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A writ of quo warranto is not a petition, but a notice of demand, issued by a demandant, to a respondant claiming some delegated power, and filed with a court of competent jurisdiction, to hold a hearing within 3 to 20 days, depending on the distance of the respondant to the court, to present proof of his authority to execute his claimed powers. If the court finds the proof insufficient, or if the court fails to hold the hearing, the respondant must cease to exercise the power. If the power is to hold an office, he must vacate the office.
The writ is unlike a petition or motion to show cause, because the burden of proof is on the respondant, not on the demandant.
By itself, the writ does not seek the support of the court to order the respondant to cease the exercise or vacate the office. That would be an accompanying writ of prohibito or a writ of mandamus. All such writs contemplate enforcement by the people as militia, although that could include the sheriff or constable as commander of militia. The right involved is that of the respondant to present his evidence.
These writs are called prerogative writs because they are supposed to be docketed ahead of all other cases except other prerogative writs. The demandant represents the sovereign, the people, and anyone may appear in that capacity, even without a personal stake in the decision.
A writ of habeas corpus may be regarded as a subset of quo warranto, for cases where the claimed power is to hold a prisoner, but with the addition of a requirement to produce the prisoner in court, not just appear to present evidence of authority.
The prerogative writ of quo warranto has been suppressed at the federal level in the United States, and deprecated at the state level, but remains a right under the Ninth Amendment, which was understood and presumed by the Founders, and which affords the only judicial remedy for violations of the Constitution by public officials and agents. Here are a few writings on the subject. Revival of the writs must be combined with reviving standing for private prosecution of public rights, subverted by the “cases and controversies” doctrine and the decision in Frothingham v. Mellon, 262 U.S. 447 (1923), which is discussed in an article by Steve Winter, The Metaphor of Standing and the Problem of Self-Governance.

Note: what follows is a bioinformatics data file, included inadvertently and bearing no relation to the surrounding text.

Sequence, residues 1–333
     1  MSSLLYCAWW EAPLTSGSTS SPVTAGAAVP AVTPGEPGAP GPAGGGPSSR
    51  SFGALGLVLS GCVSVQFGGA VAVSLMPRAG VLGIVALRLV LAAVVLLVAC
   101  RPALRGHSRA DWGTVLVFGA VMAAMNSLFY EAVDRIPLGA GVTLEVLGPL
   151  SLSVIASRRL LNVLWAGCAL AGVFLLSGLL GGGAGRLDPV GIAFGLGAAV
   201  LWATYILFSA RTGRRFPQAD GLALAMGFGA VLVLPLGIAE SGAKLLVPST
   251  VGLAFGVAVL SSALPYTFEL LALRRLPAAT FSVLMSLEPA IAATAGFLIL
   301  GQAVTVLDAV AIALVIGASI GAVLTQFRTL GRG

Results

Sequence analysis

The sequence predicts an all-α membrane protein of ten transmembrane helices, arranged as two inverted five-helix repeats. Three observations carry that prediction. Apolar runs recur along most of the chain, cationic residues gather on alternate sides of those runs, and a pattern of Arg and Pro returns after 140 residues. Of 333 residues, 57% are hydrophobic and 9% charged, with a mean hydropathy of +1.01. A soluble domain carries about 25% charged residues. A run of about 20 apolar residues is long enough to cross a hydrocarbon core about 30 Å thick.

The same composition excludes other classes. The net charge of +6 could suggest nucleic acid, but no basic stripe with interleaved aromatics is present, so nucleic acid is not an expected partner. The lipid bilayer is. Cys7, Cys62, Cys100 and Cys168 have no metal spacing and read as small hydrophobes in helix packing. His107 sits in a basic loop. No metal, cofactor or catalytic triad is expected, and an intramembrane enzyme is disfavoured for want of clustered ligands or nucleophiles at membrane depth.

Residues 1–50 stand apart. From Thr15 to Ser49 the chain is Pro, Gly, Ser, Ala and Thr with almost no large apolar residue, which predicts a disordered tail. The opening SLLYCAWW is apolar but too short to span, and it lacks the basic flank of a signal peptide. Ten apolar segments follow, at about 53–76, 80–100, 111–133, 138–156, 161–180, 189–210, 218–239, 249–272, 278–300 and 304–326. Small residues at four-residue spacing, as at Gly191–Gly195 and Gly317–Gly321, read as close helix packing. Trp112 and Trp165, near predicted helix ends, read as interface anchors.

Although some of these writings are copyrighted, we are assured that all the chapters of all the ones still copyrighted have been attached to pleadings in various cases, and thus made part of the public record, thereby putting them into the public domain.
A critical key to achieving federal constitutional compliance is to resurrect quo warranto and other common law writs. This involves reasserting and strengthening the original All-Writs Act and repealing or declaring unconstitutional legislation, such as the Tax Anti-Injunction Act, and those Rules of Judicial Procedure, that have restricted the jurisdiction of federal courts to accept these writs and grant a fair hearing (“oyer”) and a decision on the merits (“terminer”) on such demands.